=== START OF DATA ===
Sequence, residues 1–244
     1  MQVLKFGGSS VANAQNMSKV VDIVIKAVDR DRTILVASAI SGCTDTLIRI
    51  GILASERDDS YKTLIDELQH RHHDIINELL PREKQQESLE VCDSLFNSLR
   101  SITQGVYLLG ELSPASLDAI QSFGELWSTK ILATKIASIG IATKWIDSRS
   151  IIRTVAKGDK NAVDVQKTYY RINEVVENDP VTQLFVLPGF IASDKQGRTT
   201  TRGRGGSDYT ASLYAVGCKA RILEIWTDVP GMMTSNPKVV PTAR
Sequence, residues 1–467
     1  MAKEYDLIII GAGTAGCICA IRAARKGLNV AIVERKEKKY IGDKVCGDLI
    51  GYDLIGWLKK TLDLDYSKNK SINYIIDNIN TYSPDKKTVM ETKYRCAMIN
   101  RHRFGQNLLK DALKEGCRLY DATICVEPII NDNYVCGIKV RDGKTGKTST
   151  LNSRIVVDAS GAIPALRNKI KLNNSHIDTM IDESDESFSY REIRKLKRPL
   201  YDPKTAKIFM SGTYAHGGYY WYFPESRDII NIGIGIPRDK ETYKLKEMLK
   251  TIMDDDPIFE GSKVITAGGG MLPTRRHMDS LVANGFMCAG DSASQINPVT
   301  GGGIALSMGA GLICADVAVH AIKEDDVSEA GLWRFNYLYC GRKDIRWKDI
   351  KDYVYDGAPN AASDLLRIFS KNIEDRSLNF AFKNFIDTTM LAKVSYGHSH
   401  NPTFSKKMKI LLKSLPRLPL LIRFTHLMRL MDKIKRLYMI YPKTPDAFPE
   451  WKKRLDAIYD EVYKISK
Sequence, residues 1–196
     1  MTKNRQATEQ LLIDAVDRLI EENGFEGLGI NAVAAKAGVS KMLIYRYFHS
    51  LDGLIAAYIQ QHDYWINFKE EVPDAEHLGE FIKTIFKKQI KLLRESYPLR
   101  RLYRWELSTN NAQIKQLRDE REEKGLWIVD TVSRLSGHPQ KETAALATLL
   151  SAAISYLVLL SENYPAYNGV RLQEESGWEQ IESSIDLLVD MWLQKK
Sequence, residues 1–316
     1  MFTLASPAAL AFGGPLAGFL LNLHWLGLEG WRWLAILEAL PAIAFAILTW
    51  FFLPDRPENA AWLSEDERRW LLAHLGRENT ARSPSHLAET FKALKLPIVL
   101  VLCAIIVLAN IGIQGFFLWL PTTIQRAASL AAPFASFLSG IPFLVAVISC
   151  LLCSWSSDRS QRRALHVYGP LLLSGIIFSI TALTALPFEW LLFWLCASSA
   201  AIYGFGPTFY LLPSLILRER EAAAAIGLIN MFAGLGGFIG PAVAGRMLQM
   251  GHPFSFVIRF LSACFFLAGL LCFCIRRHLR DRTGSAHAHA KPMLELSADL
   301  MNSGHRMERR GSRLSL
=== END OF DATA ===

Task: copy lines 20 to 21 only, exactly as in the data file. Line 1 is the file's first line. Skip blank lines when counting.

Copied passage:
    51  LDGLIAAYIQ QHDYWINFKE EVPDAEHLGE FIKTIFKKQI KLLRESYPLR
   101  RLYRWELSTN NAQIKQLRDE REEKGLWIVD TVSRLSGHPQ KETAALATLL